Haiphong Road corner Lock Road

Spider-Man walking

Look who also likes to take a stroll in Haiphong Road in TST?


13 thoughts on “Turning touristy in Hong Kong

    • Hmm still debating whether to post about the food cause I didn’t really get to try a lot of the local food 😦 I did get to try the famous tim ho wan baked pork buns, but we’ll see. Next HK post about Sheung Wan neighborhood.

  1. I’m glad to hear you enjoyed yourself!

    Wow, those are great pictures – I read about the view from Victoria Harbour but these pictures give a real flavour of the place. I’d love to be there in person just to soak up the views. I love the street pictures a lot and totally understand what you mean when you write “lit-up street corners were a welcome distraction.” There’s just so much life and it makes being out fun.

    I look forward to your next post!

    • Hi Jason, can I just tell you, I failed to get copies of any of the movies I wanted (based on your brilliant reviews of course) at the HMVs in Hong Kong. No The Wolf Children, Cure, The Woodsman & The Rain… oh, hard-to-find Japanese movies 😦 But other than that, the trip was great. Victoria Harbour and the HK streets were some of my favorites. Thanks for reading and for the kind words πŸ™‚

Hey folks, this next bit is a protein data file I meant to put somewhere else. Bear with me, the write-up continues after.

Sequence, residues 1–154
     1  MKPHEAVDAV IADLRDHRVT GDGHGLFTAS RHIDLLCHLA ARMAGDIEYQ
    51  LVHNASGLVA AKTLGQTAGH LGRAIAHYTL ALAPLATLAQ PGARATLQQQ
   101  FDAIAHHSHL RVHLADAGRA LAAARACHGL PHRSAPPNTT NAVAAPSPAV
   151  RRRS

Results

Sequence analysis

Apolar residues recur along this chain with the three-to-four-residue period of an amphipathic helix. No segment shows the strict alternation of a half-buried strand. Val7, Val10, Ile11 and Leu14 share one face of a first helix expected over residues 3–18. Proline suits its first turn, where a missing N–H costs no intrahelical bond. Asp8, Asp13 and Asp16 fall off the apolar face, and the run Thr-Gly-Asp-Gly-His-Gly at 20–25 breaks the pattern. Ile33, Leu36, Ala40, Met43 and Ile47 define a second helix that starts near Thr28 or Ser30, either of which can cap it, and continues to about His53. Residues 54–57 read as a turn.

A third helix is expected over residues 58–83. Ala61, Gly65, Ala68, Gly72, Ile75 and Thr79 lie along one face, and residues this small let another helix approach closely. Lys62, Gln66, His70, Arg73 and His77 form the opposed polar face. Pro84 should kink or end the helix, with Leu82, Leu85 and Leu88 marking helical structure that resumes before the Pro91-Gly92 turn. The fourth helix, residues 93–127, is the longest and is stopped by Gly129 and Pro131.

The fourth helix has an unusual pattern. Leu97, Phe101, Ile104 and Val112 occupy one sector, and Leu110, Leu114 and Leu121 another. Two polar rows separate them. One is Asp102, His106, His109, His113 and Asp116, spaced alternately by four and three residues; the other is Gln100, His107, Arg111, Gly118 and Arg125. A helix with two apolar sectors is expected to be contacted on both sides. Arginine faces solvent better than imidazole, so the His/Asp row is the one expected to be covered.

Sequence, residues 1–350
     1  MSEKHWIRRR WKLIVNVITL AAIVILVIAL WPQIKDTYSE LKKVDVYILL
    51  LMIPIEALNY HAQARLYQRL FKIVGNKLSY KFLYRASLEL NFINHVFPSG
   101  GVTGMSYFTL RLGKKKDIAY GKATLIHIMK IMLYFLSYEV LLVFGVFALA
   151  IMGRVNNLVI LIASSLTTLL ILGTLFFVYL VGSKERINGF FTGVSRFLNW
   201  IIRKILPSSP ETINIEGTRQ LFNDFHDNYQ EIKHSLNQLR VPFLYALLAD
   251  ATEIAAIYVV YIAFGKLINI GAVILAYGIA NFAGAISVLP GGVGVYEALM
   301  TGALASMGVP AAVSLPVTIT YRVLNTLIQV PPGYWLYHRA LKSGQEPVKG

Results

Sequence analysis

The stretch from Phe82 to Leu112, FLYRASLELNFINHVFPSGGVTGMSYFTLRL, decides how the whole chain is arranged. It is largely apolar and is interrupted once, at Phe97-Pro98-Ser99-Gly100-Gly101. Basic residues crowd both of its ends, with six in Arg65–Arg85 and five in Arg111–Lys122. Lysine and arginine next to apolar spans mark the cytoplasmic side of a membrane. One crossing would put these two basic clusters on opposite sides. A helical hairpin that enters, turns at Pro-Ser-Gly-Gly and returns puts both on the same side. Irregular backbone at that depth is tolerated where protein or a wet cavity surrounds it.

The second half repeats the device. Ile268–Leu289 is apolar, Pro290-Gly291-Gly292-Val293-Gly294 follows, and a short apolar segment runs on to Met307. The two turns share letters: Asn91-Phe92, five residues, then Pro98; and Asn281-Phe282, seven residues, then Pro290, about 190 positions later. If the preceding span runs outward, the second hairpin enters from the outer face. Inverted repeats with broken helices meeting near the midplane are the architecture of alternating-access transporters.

• Ha, don’t worry about the films, you should always concentrate on enjoying yourself… I can’t believe I just wrote that.

        Have you considered recording places and putting the video on YouTube? Also, was it smoggy?

  2. Great to see you make it to Hong Kong! I’m surprised with all the traveling you do that you haven’t gone to HK sooner. I’ve only been to HK twice and can’t wait to go back. Did you make it out to Big Buddha w/ the cable car ride or perhaps the 10,000 Buddha monastery in Shatin? The gold buddhas monastery had a beautifull walking trail up to the steps of the holy grounds. Great photos and looking forward to some more reports on your trip!

  3. @Pat Yeah, I should’ve gone sooner. And HK is just a few hours from Manila. I just always thought it was all shopping and malls…I’m very glad to have been proven wrong. The city is just so alive.

    Unfortunately, we didn’t get to go to the Big Buddha, it was on the list but we didn’t push it. Definitely next time πŸ™‚

    @GenkiJason What are you saying?! Do not prioritize the movies?! Gasp! πŸ™‚ But seriously, I only had a few items I wanted to shop for–those were DVDs/BluRays of those Japanese movies and a few things from Ikea. At least I got a lamp from Ikea to prove I did some shopping in HK. And no, HK wasn’t smoggy when we went there (unless I mistook the smog for fog? hehe). My husband always takes videos when we travel, we just don’t get around to uploading them on YouTube. We even have some Japan videos that we haven’t uploaded yet and that’s almost THREE years ago, tsk tsk.